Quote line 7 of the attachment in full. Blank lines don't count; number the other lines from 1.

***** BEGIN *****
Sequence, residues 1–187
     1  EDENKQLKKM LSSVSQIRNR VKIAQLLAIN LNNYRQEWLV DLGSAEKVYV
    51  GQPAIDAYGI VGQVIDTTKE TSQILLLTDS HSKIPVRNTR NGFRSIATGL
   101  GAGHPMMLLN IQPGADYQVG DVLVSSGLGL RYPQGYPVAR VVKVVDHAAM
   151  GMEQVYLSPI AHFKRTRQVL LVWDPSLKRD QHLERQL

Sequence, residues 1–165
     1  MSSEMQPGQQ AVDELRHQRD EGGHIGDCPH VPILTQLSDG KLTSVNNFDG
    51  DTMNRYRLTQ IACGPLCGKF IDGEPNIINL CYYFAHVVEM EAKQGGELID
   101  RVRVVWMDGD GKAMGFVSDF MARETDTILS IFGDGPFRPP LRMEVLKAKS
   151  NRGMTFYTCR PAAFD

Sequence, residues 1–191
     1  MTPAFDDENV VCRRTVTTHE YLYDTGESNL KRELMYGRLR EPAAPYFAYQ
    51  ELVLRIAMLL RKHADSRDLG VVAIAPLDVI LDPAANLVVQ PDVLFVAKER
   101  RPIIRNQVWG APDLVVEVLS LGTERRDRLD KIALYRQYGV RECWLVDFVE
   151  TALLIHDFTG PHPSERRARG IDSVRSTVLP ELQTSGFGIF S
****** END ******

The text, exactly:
     1  MSSEMQPGQQ AVDELRHQRD EGGHIGDCPH VPILTQLSDG KLTSVNNFDG